Bet365 has been dealt a heavy blow in an Australian court after a court ruled against the betting firm for offering “misleading” free bets to its new customers.
The court ruled against the British bookie after a legal case was brought by the Australian Competition and Consumer Commission (ACCC) last year.
Although the British bookie’s holding firm, Bet365 Group Limited, will avoid a potential fine from the Federal Court, the ACCC did win its claims against local subsidiary Hillside Australia (trading as Bet365 in Australia), and the firm’s UK subsidiary, Hillside UK.
A new court case must now be set to decide on the subsidiaries’ punishments.
ACCC Wins Case
The ACCC had alleged that between March 2013 and January 2014, Australian Bet365 customers were lured into a welcome bonus for new players offering $200 free bets. In addition, a banner on the Bet365 website boasted an offer of “up to $200 deposit bonus for new customers.”
It was the key difference between the two offers, free cash versus a deposit bonus which needed to be ‘played through’ before $200 of free bet tokens were awarded, that was the main crux of the ACCC’s argument. In fact, to win $200 of free bets, customers were required to wager six times that amount.
In Australia in 2013, heavyweight US actor Samuel L. Jackson appeared in TV ads promoting the welcome bonus offer.
But ultimately, there would be no Hollywood ending for a betting giant who has fallen foul of the law.
Deposit Bonuses “Not Misleading”
At the pre-trial hearing, which took place at the Federal Court in Darwin in March, the ACCC said it was looking for “declarations, injunctions, pecuniary penalties, corrective advertising, a compliance program, and costs from Bet365”.
However, the Commission did note that the gambling site had changed the way it displayed information on its site since contact was made and the ACCC failed to prove that a deposit bonus promotion was in itself misleading.
Despite the changes, Justice Jonathan Beach was adamant that customers had been “drawn into this web of deception.”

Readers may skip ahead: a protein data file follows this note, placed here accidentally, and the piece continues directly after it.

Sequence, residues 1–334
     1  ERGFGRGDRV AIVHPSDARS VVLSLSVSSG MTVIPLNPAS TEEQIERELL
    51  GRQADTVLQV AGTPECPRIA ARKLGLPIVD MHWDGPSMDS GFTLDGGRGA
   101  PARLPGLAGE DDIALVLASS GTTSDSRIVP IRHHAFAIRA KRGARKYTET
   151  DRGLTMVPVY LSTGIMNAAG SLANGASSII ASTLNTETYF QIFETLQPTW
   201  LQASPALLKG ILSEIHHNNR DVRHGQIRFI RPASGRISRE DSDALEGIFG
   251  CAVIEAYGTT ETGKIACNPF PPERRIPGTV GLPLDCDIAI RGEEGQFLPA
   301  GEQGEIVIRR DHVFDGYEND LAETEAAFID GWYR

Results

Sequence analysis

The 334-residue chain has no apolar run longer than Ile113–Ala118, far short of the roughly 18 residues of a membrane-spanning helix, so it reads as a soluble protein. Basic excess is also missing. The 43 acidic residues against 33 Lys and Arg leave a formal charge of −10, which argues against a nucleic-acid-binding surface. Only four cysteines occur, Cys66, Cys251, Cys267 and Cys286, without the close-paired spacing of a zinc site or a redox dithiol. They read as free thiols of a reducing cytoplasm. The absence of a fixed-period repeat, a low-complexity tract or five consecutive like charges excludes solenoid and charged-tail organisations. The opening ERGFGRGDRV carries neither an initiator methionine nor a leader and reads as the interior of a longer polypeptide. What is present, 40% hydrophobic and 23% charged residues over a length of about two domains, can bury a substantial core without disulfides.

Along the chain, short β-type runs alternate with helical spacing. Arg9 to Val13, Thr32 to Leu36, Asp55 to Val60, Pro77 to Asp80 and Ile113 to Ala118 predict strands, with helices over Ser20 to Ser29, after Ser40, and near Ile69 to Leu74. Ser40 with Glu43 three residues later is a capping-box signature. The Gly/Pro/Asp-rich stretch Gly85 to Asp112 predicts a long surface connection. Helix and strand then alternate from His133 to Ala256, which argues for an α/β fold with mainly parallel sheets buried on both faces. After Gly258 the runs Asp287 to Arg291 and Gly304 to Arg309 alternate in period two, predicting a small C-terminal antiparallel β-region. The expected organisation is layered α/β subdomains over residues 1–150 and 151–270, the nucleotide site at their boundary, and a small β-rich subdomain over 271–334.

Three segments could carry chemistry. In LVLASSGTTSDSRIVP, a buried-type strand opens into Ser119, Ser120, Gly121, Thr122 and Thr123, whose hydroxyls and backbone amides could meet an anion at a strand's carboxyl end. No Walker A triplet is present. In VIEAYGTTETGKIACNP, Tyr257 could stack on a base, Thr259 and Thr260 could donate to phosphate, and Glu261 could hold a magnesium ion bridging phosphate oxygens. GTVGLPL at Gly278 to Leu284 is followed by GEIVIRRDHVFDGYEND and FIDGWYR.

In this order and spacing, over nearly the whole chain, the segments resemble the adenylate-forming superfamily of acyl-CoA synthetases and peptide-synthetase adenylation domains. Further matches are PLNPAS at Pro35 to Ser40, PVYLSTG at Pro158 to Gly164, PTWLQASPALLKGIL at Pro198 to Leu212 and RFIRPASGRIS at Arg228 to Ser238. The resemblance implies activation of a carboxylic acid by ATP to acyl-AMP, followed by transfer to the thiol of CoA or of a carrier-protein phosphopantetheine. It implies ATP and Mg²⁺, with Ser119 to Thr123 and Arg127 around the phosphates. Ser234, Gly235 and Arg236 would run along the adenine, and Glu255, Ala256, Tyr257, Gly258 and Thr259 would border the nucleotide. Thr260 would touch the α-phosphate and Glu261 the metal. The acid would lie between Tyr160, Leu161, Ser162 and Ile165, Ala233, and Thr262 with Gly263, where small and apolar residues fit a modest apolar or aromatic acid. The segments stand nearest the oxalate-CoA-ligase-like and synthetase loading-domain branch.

“This judgment makes it clear that companies cannot use the word ‘free’ in offers to consumers where any conditions that seek to neutralise the ‘free’ nature of the offer are not clearly identified,” said the ACCC’s Rod Sims.
“Inducements like free bets run the risk of signing up new and inexperienced gamblers based on a deceptive claim.”
Holding its hands up to the charges, Bet365 said in a statement that an “unintentional software error” was to blame for the misleading offer.
“As a licensed and regulated e-business which strongly supports the promotion of responsible gambling, bet365 takes very seriously its obligations to comply with regulatory and legislative requirements,” the statement said.
“We are continually working proactively to ensure that our customers are well informed about the products and services that we provide.”
Australia’s Online Betting Giant
Bet365 is currently one of the biggest online bookmakers on the web, and it entered the Australian market in 2013. Based in the English city of Stoke-on-Trent, the firm has avoided the pitfalls of its traditional bricks ‘n mortar betting shops by concentrating solely on the online market.
Down Under, subsidiary Hillside Australia was incorporated into the Bet365 group and obtained a licence from the Racing Commission of the Northern Territory to allow online sports betting in Australia.
Bet365 recently launched its version of the controversial ‘click to call’ betting service for its Australian customers. Betcall allows Aussies to make ‘in-play’ bets via their computer without using a phone, a move that has been called illegal in some quarters. The introduction of click-to-call betting has in part led to a massive review of online gambling in Australia which is due to be completed by the end of the year.